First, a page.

Of cheese puffs and trail mix.  An essay on love.

I once attended a Bible school, housed in a giant round building with a HUGE sky-blue dome.  No kidding.
The minister was a thin man, short, with a very gentle spirit.  He wore soft-gray conservative suits. His wife, also a minister, was a all and rather large woman with a loud, direct manner and a preference for floor-length, ruffled dresses.

In the 80’s.
This was a “dancing” church.  Speaking in tongues, right out loud, was common.  The music was loud.

We had a lot of fun.

But we could never figure out why the world at large thought we were weird. (Um, duh).
“Be under the spout where the glory comes out!” was our motto.

And we were.
I learned a great deal from these people.

They knew God, and knew a great deal about Him.

We saw real healings.  True miracles.
And, one day, the woman minister pointed out that when you are known for moving in God’s power, for getting answered prayers, and for seeing the miraculous change lives, you attract “granola” Christians.  I had no idea what that meant.
Then she explained.  “Fruits, nuts and flakes!!” She guffawed.

And it was true.
I went on to college from that place.  Looking for a church that moved in the miraculous.

Not finding one.  I settled for solid Bible teaching and a culture of service.

But I kept looking.  Always hungry for the power of God that could change lives.  Heal bodies.  Fix problems.

In a single bound.
Eventually, I found another church that focused on the “power gifts” and the miraculous.

Through Bible knowledge.
But, interestingly enough, the Bible has something to say about knowledge.

(That might also apply in this divisive political year).

1 Corinthians 8:1-3 Now concerning things offered to idols: We know that we all have knowledge. Knowledge puffs up, but love edifies. And if anyone thinks that he knows anything, he knows nothing yet as he ought to know. But if anyone loves God, this one is known by Him. 

Knowledge puffs up.

I have to admit that, as a young Christian, I was pretty “puffy.”

And, embarrassing as it is, we were pretty, er, cheesy.
Historians and critics divide the lives of famous people into “periods.”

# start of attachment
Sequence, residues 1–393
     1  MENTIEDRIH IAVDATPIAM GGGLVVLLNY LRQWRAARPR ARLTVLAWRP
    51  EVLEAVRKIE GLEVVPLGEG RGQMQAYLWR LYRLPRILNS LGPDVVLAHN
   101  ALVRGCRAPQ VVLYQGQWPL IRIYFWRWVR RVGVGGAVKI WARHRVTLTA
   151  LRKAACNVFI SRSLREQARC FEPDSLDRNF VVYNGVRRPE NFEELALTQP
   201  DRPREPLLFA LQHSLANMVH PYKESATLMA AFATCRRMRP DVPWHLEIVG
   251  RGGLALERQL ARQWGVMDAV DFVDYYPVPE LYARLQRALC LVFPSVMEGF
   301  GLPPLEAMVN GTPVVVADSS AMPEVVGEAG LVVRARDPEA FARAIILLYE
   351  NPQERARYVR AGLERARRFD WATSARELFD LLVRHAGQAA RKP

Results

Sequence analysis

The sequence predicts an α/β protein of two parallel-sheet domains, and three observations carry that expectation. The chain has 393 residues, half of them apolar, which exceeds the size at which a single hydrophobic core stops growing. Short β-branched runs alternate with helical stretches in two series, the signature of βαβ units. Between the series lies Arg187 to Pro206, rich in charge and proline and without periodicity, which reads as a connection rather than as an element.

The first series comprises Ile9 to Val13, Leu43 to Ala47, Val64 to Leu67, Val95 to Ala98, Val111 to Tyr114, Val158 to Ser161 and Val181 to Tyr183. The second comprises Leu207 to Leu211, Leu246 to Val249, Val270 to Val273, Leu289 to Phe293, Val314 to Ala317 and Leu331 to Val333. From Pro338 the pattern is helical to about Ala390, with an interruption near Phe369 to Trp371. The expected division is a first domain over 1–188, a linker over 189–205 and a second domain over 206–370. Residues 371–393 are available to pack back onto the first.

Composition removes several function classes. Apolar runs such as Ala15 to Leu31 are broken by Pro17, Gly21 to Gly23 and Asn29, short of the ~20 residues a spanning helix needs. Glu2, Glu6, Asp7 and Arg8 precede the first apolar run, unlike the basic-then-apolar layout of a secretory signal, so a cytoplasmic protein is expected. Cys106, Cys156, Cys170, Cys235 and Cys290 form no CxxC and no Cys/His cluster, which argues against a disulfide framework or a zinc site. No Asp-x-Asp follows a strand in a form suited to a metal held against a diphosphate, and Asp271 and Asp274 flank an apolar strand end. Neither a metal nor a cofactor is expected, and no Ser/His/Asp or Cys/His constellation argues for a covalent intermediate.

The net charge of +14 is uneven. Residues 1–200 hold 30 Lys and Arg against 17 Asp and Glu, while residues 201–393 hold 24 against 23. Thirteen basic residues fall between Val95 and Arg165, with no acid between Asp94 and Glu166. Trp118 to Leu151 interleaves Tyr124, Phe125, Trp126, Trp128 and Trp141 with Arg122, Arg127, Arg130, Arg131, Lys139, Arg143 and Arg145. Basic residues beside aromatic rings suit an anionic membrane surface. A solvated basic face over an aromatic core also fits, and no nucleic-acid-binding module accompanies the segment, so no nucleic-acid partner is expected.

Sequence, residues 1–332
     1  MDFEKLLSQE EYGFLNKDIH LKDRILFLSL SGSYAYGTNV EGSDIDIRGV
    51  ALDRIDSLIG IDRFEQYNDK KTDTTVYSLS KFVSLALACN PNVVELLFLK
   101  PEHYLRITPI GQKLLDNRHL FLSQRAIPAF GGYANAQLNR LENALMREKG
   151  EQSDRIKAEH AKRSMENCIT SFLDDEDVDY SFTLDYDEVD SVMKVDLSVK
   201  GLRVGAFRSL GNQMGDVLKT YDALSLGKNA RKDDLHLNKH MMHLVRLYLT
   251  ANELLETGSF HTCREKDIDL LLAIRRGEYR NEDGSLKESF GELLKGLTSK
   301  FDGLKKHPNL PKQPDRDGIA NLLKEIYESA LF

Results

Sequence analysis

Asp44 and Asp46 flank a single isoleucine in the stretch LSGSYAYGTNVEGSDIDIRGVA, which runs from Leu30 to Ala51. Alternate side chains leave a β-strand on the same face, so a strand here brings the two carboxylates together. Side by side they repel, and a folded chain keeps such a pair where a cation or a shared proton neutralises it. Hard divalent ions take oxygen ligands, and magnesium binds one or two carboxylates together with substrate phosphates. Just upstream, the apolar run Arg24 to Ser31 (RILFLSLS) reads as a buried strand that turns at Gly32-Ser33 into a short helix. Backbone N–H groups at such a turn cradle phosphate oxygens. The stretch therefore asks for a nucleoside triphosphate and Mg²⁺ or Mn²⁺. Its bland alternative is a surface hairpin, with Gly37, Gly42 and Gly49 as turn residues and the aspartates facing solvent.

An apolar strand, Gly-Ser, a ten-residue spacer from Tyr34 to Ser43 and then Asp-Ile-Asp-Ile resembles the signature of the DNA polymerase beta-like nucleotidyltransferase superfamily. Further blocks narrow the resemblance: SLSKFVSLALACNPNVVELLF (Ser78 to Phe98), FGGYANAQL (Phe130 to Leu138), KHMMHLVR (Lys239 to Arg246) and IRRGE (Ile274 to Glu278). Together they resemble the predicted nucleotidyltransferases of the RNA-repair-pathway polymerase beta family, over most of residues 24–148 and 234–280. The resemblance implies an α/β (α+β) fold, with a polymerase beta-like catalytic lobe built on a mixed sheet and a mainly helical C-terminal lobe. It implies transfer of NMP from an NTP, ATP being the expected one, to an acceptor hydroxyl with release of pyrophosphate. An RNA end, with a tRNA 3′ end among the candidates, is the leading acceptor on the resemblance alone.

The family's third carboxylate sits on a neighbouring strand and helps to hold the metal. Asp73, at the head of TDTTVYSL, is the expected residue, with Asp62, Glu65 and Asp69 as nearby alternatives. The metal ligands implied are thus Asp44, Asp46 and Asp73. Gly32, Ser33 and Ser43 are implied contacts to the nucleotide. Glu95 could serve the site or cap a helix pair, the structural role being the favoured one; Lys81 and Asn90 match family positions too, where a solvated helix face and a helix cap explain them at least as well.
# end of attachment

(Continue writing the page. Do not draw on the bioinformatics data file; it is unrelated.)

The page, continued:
Picasso with his “Blue” period, for example.

So I call this my “cheese puff” period.
Lots of crunch. (Granola, anyone?)

Appealing on the outside. Yum, artificial cheese powder with salt AND MSG.

Fun food.

But not very nourishing.
We thought we knew.  So much.

And we did.  And the miracles were real, too.
But that misses that point.

Because, what is more important, more valuable, than a big, blue, fabric dome?

A real building.
I speak metaphorically.  Of course.

Great things have happened in tent revivals.
But, in my life, I want a faith structure that stands.

That provides shelter for others.

That still has room for the miraculous.

For the move of God.

That gives Him time to speak.
But the building block is love.
When we go back in time, and dig up ancient civilizations, we rarely find their fabrics.  Their tents.

But edifices?  Edifices, well-constructed, stand the test of time.
The “ruins” you can se on a trip to Rome or Athens are …

Made. Of. Stone.

Not puffed.
Built.
Love…edifies.


The root word for “edifice” or building.
We build one another up.  By love.

Knowledge, alone, brings pride.  “Puffs” up.

And won’t stand the test of time.
And so it is that I must tell you how much I respect the two ministers I began this post with.

They might have dressed funny, and had unusual people in their church, but…

They. Walked. In. Love.

And maturity.
And it made an even bigger place for their spiritual gifts. Healings.  Miracles.

And, years later, I heard that the woman minister led her nurses to Jesus.

On her deathbed.
And I thought about granola.

Because it can also be called “trail mix.”

Food for the journey.

And I think spiritual gifts are important.
When they are subservient to love.
And cheese puffs and trail mix have one really great use.
At a party.
Where they are opened up, displayed publicly, and consumed by others.
To promote fellowship. And start conversations.
If that’s the life you want, good on ya (as the Aussies say).

Let God open you up, display you publicly (embarrassing, right?) and serve you.

Your knowledge.  Your gifts.

To others.

To start conversations.

But remember, it’s your love, above all, that will build lasting truth in their lives.

Peace out.

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